Why I... believe architecture is a craft as well as an art

June 15, 2001

Greg Votolato. Professor of design Buckinghamshire Chilterns University College, High Wycombe

In the 1948 film The Fountainhead , Gary Cooper's character, Howard Roark, defined the image of the modern architect. He was heroic, individualist, uncompromising, a social and aesthetic visionary and politically just to the right of Ivan the Terrible.

This caricature has left its mark on architects on the left of the political spectrum, as well as on the right. One of its less attractive aspects is the distance it places between the Olympian professional designer and the humble "builders", who realise the architect's vision. The separation of thinking and doing, of idea over execution, has long been associated with the condition of modern art. When applied to an art as fundamentally practical as architecture, it may translate into walk-through sculpture.

But the caricature is a myth that the Crafts Council's exhibition, Making Buildings , attempts to redress by showing how architects work with crafts people from a variety of fields to produce buildings that provide their users with a kind of added value derived as much from the finesse with which buildings are put together as from spatial sophistication or formal originality.

The exhibition spans the spectrum of building technology, from thatch and timber to the latest plastics and electronics, showing how contemporary architects and crafts people are employing ancient materials in new and challenging aesthetic directions to solve contemporary problems.

For her North London studio-house, Sarah Wigglesworth exploits the thermal and acoustic potential of straw bales, quilted canvas and sandbags to protect the interior spaces from cold and the roar and rumble of nearby high-speed trains. In contrast to this complexity, John Pawson relies on the traditional expertise of stone masons to create the seamless, minimalist interior surfaces of his home. Inspired by nature, Japanese architect Tono Mirai uses mud and straw to form the urban nests he makes in collaboration with school children or architecture students.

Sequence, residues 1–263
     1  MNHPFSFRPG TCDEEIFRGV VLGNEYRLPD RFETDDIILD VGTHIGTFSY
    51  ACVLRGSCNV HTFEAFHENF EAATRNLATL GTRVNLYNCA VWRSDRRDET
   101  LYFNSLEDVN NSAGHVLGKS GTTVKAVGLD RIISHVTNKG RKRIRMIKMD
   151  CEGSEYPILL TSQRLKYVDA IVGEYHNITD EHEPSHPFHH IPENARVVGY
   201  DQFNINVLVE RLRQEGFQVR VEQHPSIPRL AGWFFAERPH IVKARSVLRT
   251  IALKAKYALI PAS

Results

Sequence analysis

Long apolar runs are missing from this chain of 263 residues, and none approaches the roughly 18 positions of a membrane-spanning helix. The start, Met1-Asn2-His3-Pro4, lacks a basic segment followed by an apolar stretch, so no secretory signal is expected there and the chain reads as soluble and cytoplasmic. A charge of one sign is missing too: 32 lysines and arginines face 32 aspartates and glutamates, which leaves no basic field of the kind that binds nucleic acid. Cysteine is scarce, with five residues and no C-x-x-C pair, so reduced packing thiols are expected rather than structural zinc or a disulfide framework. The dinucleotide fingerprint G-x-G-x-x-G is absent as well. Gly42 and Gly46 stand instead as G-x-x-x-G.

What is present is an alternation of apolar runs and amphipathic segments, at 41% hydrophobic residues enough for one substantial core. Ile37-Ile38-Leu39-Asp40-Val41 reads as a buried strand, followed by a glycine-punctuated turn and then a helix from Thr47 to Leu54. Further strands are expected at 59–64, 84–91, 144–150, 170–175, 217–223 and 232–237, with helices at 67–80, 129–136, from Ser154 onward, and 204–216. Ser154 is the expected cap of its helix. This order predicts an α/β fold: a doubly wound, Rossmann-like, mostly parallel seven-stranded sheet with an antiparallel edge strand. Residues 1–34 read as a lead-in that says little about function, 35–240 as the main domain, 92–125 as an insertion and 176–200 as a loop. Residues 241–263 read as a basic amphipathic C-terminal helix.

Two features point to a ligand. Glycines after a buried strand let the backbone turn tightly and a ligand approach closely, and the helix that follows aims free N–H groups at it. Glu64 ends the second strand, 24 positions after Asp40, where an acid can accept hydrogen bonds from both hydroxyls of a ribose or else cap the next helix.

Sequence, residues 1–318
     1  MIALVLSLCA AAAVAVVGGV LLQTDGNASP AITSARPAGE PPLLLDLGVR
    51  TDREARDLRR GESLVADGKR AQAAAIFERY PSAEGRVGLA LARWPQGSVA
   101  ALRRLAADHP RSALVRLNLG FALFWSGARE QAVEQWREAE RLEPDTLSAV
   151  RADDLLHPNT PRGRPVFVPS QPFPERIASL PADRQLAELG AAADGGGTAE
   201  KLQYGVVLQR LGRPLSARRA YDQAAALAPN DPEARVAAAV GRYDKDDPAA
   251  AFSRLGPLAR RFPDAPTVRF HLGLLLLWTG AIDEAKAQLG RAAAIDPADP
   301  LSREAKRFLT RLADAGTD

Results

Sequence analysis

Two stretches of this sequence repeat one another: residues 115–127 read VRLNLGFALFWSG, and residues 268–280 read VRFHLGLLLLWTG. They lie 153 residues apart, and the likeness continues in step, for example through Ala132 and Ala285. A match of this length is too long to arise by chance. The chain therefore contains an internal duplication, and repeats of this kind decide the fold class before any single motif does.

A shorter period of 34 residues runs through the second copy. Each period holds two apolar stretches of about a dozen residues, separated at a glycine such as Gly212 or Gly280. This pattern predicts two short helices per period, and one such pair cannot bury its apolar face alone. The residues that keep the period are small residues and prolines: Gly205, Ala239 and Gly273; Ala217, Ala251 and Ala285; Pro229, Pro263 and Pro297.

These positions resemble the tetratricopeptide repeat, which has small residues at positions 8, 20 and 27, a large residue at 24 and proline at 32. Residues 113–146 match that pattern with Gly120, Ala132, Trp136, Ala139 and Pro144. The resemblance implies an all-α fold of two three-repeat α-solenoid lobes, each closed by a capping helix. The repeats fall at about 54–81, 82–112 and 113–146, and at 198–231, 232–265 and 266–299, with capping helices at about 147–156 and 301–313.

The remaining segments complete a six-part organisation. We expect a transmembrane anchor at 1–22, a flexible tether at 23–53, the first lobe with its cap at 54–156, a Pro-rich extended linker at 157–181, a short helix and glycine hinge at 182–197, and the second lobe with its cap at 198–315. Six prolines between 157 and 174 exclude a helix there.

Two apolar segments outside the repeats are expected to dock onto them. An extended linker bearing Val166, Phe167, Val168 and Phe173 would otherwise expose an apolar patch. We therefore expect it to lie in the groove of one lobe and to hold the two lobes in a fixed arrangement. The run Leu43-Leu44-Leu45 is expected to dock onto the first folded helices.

Simon Conder employs the materials of the do-it-yourself superstore: pre-cut timber, translucent acrylic sheet and silicone sealant, manipulated by small teams of craftspeople to achieve highly sophisticated buildings that are cost effective and unique.

Similarly, Sixteen*(makers) from the Bartlett School of Architecture, a research unit that looks at new directions for architecture, uses modern materials and methods, laser-cut steel and electronic control mechanisms to achieve interactive structures that respond through movement and light to human activity according to a variety of programmed instructions. The group shares with Mark Prizeman of the Architectural Association and many others a belief that students need direct contact with materials and fabrication methods as a fundamental part of their design education.

Alongside the architecture profession, the exhibition presents the achievements of self-builders taught through the Walter Segal System how to construct their own homes in small communities for very low cost. It therefore shows construction as an activity that anyone can pursue and demonstrates how craft adds character and meaning to buildings and can humanise our environment.

But embracing craft does not mean a return to a cosy cottage vernacular. According to Wigglesworth: "The future of architecture is soft and hairy." I agree. But it is also hard and smooth, traditional and futuristic, conventional and innovative. Some of it will roll off assembly lines like new Fords, but a percentage will be crafted by hand and, where that is done in conjunction with thoughtful design, the results will be enriching for makers, users and maker-users.

Greg Volotato is curator of Making Buildings. The exhibition is at the Crafts Council Gallery, London N1, until June 17, and then touring until the end of the year.

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